The PlayStation 3 was physically the largest of the three current-generation home consoles, followed by Microsoft's Xbox 360 and Nintendo's Wii. With never-ending lust by consumers for smaller gadgets, the current configuration was just not cutting it.
What's surprising about the Slim, though, is that Sony was the second-most recent of the three companies to have released its console, yet it's the first to offer a completely new form factor. Microsoft was the first out of the gate with a North America release of the Xbox 360 in late November 2005. Sony and Nintendo followed suit with the PlayStation 3 and Wii, respectively, which were released a week apart from each other in mid-November 2006.
The closest either Nintendo or Microsoft has come to a redesign since is Microsoft, which began including an HDMI port and increasing the included storage, alongside a major revision to the system software which allowed games to be played off the hard drive.
In the case of the PS3 Slim, it's actually the fourth generation of the device. During that three-year period, things like the included storage space jumped from 20GB to 120GB. And a recently unearthed patent at the FCC filing shows that a 250GB model is just around the corner.
So is it normal to release a heavily revised version of a gaming system within three years of the initial release? It depends on who you are. Let's take a look at some notable shrinkage from the last three generations of consoles. I think that you'll notice a trend.
The PS2 was the only console from the last generation to undergo a major facelift. Neither Microsoft's original Xbox nor Nintendo's GameCube underwent any physical changes.
Sony's first major revision was actually its ninth. Sony frequently changed internal components as circuit boards were streamlined, and parts were moved around to deter people from modifying the hardware. The revision, which came less than three years after the launch, added an infrared port to the front of the device, which would allow users to control the built-in DVD player without an IR dongle. It also ran quieter than older versions, which was Sony's nod to the fact that many were using the system primarily as a DVD player.
In 2004, Sony released the Slimline version of the PS2, which moved the power supply outside of the machine, which shrank the size of the device down considerably. It also did away with the tray-loading disc mechanism, and had users place discs inside the device using a flip-up panel. Other changes included the addition of the once-optional (and not free) network adapter inside of the machine so that users could connect their machine to play online matches.
Three years after that, Sony began shipping a version of the Slimline that was a third lighter, followed closely by a version that brought the power supply back into the unit, and did away with the external power brick entirely.
The original PlayStation had the most hardware revisions of any home gaming console due mostly to the fact that it was produced for 11 years and sold more than 100 million units.
While most of the changes were internal parts, its biggest external change was the release of the PSOne in July 2000. This was a much smaller iteration of the hardware and had all new system software and a circuit board that featured smaller chips. Wikipedia)" targetUrl="http://i.i.cbsi.com/cnwk.1d/i/bto/20090820/Genesis_shrink_CNET.png" />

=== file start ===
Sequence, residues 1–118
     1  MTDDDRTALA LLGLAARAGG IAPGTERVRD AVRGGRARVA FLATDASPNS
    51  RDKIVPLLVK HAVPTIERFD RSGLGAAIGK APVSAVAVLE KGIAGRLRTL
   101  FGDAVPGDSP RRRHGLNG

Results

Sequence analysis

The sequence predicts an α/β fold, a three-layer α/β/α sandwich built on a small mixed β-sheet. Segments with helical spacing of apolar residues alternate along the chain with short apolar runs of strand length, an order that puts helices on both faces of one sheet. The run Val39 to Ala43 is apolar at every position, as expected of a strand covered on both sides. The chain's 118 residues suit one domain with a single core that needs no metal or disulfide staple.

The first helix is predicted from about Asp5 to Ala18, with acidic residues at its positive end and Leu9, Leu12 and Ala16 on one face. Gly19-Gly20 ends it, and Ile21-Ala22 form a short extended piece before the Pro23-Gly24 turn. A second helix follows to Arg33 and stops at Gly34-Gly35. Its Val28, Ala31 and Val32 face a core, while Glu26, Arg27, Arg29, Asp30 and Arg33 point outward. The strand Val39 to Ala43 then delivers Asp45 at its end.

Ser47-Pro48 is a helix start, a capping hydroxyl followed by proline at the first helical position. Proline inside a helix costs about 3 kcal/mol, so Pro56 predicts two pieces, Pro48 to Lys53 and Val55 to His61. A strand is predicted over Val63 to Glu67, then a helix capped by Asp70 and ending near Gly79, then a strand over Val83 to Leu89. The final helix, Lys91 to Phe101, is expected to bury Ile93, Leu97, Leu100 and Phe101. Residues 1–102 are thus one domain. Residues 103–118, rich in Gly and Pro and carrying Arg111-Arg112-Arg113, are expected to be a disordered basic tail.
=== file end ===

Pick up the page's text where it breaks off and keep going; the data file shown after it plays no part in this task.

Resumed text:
Sega's console combination underwent several distinct revisions over the course of its existence, all of which brought smaller sizes. It's also worth nothing that Sega was not the sole creator of some of its systems, since it allowed licensing to third parties that could build its technology into other pieces of hardware. (For the sake of simplicity we're not including those.)
As for Sega's own hardware, the first and only major change for the 16-bit Genesis was to shrink in size. In 1994, roughly five years after its launch, Sega released a square version of the console which did away with the headphone jack and volume control slider on the front of the unit.
With a smaller version of the Genesis out, Sega had to create a smaller version of its CD-ROM peripheral, the Sega CD to match it. Thus, the Sega CD-2 was born. Instead of sitting underneath the Genesis, it plugged in to the right of it. It was also able to work with the first generation of Genesis hardware via an extender plate.
In 1994 Sega released the CDX, which was a combination of the Genesis and the Sega CD in one piece of hardware. It fizzled with a high price tag ($400) and the impending release of Sony's PlayStation, along with the imminent release of Sega's 32-bit console--the Saturn--and incompatibilities with Sega's third system add-on, the 32X.
Interestingly enough, the CDX was not the end of the line for the miniaturization of the Genesis. In late 1995 Sega released the Nomad, which was a handheld version of the Genesis. It played regular-sized Genesis cartridges and had a 3.25-inch color LCD and button controls that mimicked the Genesis controller. It could also be connected to a TV, so that players could play their games on a normal-sized screen.
Out of all the console makers, Sony is the only one to completely revise its hardware every few years. What's interesting is that those revisions are coming closer together. In the case of the PlayStation (versions one through three), the time between initial launch and major revision has gone from five years down to just three: